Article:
There is nothing wrong with American cultural celebrations. They even keep some European ones, like Christmas. But the newer ones should stay on that side of the Atlantic. That way those that seek it can travel there to enjoy it, and celebrate the differences in our societies and customs. We might even tell them that we used to celebrate All Hallows’ Eve as part of the Harvest Festival, and that Halloween is a Scottish corruption of that phrase. That would make it ours then, not American at all. Like most things, including many we have since discarded, they were taken to America by settlers. America is doing a fantastic job of re-exporting those traditions, whether we need them back, or not.

Surely it is enough to celebrate the difference in the various traditions and cultures of the many countries and societies in the world, without having to assimilate everything? As the French say- ‘Vive la difference’.

Thinking Aloud On a Sunday

Not a Brit.

If you come from the UK, it is very common to be called ‘A Brit’, especially by Americans and Canadians. But it is easy to overlook the fact that Great Britain is made up of four very different countries. England, Scotland, Wales, and Northern Ireland have different cultures and traditions, varied histories, and also languages other than English.

It may say ‘British Citizen’ on my (expired) passport, and I have to state my nationality as ‘British’ on many official forms and documents. But as anyone born and raised here will tell you, I am English. If I travel to any of those other three countries, I would be regarded as such too.

The United Kingdom is far from being united.

At least half the people in Scotland would like that country to be independent, and to rejoin the EU. Wales also has a Nationalist political party advocating independence and the use of the Welsh language, though it has moderate influence there. Northern Ireland has a complex and tragic history, intertwined with religion and over one hundred years of struggle in the modern era.

Those other three countries also have their own devolved governments. Their powers are different in each one, but generally allow them to make many of their own rules and laws with having to refer to the national government in London. Scotland and Northern Ireland also have different banknotes, though the currency is still The Pound.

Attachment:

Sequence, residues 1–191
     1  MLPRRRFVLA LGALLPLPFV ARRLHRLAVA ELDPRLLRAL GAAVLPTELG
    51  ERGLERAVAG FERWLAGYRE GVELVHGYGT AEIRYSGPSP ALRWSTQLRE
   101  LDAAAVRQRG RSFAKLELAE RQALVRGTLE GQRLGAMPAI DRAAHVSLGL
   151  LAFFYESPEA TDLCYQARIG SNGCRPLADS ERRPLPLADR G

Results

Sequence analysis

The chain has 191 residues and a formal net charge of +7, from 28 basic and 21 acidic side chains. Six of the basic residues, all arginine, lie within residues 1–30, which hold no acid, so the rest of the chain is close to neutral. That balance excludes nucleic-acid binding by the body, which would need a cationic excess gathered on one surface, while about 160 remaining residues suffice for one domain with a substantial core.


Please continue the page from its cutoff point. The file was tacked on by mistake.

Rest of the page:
We don’t have a ‘Great Britain’ football team either. Each of the four nations has its own team, with dedicated fans and followers. The national Cricket tean is the ‘England’ team, not British. Playing any of the home nations (as they are called) in any sport carries the same rivalry and nationalistic fervour as if we were playing Brazil or Germany.

I am not able to state my nationality as ‘English’ in any offcial capacity, but I have never thought of myself as anything else. In the same way, someone from Scotland or Wales would call themselves Scottish or Welsh, wherever they happened to live.

In my remaining lifetime, I am unlikely to see a total break-up of Great Britain. Even if Scotland voted for- and was granted – independence, Wales and Northern Ireland are unlikely to follow. But given the choice, I would advocate that.

Because we are different, so it makes sense to me to be separate countries.

Some Historical films

One more 2013 film post that only Eddy and Roland commented on back then. Historical dramas this time. Something for everyone, I hope.

beetleypete

Many films have been set in various Historical periods, or specific events in History. Since the silent days, and up to many of  the latest films of the past few years, History has provided rich ground for the inspiration of film makers everywhere. In my usual five film selection, I have tried my best to recommend lesser known films, and to avoid the obvious epics.

The War Lord. This film is getting on a bit, and it shows sometimes. Nevertheless, this 1965 production, starring Charlton Heston and Richard Boone, still has a lot to offer. Set at the beginning of the 11th Century, in Normandy, it tells the story of a Knight, rewarded for loyal service, with a bequest of lands, and a run-down small castle. The land is poor, and the local villagers resentful. Still, the Knight, and his accompanying soldiers, rebuild the old fortress, and begin to impose…